Justice for children, youth vital, says ACHPR judge

17Jun 2021
Marc Nkwame
Arusha
The Guardian
Justice for children, youth vital, says ACHPR judge

AFRICAN Court on Human and People’s Rights (ACHPR) president, Lady Justice Imani Aboud has assured children and youth activists and stakeholders locally and elsewhere that the institution is there to serve them.

Officiating at an occasion to mark the Day of the African Child at Arusha Primary School yesterday, Justice Aboud made this assertion when answering questions raised by some pupils on the role the court plays in safeguarding the rights of children.

The court can and will hear all matters related to child rights abuse, she stated, pointing out that children cannot come to the court directly, as they need to involve their parents, guardians or elders in their community in reporting issues or filing cases.

Young people should speak up against all injustices experienced in their communities or families, she emphasised, saying that the world marks the Day of the African Child “because there were children who many years ago dared to stand up against all odds, in opposing the oppressive system in apartheid South Africa.”

“As it happens also, the recently launched African Court’s five-year strategic plan, 2021-2025 intends to actively address and seek out new ways to strengthen the complementary nature of the court's human rights protection mandate, including the Rights and Welfare of the Child,” she told the gathering.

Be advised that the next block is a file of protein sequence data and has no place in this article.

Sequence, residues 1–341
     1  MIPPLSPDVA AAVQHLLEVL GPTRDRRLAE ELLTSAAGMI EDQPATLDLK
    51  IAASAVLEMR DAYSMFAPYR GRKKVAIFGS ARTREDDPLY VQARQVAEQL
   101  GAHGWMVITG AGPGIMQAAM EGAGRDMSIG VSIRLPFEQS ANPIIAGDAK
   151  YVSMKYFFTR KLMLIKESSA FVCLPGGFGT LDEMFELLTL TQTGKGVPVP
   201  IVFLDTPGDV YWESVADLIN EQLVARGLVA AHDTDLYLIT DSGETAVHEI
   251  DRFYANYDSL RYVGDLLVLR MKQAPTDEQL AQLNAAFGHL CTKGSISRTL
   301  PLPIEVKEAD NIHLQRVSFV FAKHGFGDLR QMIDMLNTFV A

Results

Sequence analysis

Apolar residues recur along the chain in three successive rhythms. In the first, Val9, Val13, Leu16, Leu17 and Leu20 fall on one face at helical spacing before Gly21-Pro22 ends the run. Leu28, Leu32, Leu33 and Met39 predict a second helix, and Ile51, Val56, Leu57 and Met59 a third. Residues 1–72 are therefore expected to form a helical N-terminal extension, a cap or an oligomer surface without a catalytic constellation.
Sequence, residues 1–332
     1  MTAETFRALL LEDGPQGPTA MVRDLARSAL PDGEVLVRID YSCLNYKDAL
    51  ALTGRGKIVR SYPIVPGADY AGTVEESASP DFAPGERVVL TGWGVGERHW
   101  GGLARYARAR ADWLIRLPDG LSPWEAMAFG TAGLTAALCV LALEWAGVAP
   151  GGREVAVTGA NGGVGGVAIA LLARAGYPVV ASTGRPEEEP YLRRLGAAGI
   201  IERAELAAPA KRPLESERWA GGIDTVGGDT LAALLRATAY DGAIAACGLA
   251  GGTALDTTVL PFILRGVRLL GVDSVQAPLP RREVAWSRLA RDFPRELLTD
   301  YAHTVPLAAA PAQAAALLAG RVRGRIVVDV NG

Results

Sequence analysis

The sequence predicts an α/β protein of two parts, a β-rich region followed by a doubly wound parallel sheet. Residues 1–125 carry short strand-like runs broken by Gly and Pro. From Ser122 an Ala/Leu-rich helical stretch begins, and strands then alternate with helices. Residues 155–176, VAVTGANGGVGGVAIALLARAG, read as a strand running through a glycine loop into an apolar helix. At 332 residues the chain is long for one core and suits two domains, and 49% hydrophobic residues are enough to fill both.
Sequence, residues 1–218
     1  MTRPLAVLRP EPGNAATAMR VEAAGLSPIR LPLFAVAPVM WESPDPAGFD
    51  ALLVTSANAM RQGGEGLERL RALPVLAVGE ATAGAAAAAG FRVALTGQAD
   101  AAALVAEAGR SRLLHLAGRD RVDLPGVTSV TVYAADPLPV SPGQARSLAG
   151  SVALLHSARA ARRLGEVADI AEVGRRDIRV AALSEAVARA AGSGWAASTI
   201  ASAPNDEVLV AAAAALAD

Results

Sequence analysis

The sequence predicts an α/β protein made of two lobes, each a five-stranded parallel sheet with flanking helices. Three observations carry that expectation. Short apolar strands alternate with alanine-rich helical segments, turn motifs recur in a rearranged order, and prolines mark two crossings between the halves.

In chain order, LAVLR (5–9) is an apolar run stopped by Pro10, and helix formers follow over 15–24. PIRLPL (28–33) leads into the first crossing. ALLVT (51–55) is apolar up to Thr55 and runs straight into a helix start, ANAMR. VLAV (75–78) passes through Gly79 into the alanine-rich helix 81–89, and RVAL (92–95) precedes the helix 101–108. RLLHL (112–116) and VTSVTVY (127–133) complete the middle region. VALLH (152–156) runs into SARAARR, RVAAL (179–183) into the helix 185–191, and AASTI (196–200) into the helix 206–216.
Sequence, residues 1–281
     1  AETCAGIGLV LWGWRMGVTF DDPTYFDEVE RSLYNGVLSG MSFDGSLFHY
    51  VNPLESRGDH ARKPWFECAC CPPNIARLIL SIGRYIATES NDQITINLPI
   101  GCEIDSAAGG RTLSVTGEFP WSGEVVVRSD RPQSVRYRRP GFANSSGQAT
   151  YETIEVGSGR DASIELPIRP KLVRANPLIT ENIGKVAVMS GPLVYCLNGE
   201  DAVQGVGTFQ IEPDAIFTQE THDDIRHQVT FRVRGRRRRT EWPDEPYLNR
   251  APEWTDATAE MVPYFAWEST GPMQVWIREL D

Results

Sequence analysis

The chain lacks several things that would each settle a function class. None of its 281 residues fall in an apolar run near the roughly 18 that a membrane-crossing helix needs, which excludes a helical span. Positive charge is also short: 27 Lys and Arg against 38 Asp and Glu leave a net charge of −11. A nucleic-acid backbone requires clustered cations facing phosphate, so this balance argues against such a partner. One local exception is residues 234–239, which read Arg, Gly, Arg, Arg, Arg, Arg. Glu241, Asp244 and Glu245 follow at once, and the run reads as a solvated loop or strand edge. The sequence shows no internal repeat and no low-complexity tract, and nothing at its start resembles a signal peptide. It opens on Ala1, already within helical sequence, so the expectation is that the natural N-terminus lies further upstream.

Getting the work done will involve closer engagement with national human rights stakeholders such as national courts, human rights institutions and non-governmental organizations, including those operating at the regional and continental level, along with bar associations, academia and the media fraternity, she elaborated.

Victor Lowilla, the CHPR Legal Officer, had earlier said that African children still suffer human rights abuses, including forced labour in mines as in the Congo, being drafted into fighting groups in Central Africa, assimilated in rebel causes, while being compelled to beg or trade in the streets, in Tanzania.

“And we still have many children being denied the right to attend school,” he specified.

Through its newly launched strategy, the court plans closer cooperation with the African Committee of Experts on the Rights and Welfare of the Child, the African Governance Architecture Platform members, notably the African Commission on Human and Peoples’ Rights, along with courts of regional economic communities.

“And we also envisage enhancing our collaboration with international partners, such as United Nations human rights bodies. European and Inter-American human rights courts and institutions,” the court president stated.

“It is therefore expected that in five years’ time the African Court will be transformed into a continental legal entity which can present tangible evidence of its increased efficiency and effectiveness, which will in turn have led to greater credibility in the capacity of the AU human rights system to make a positive difference in the lives of African individuals and peoples,” she added.

 

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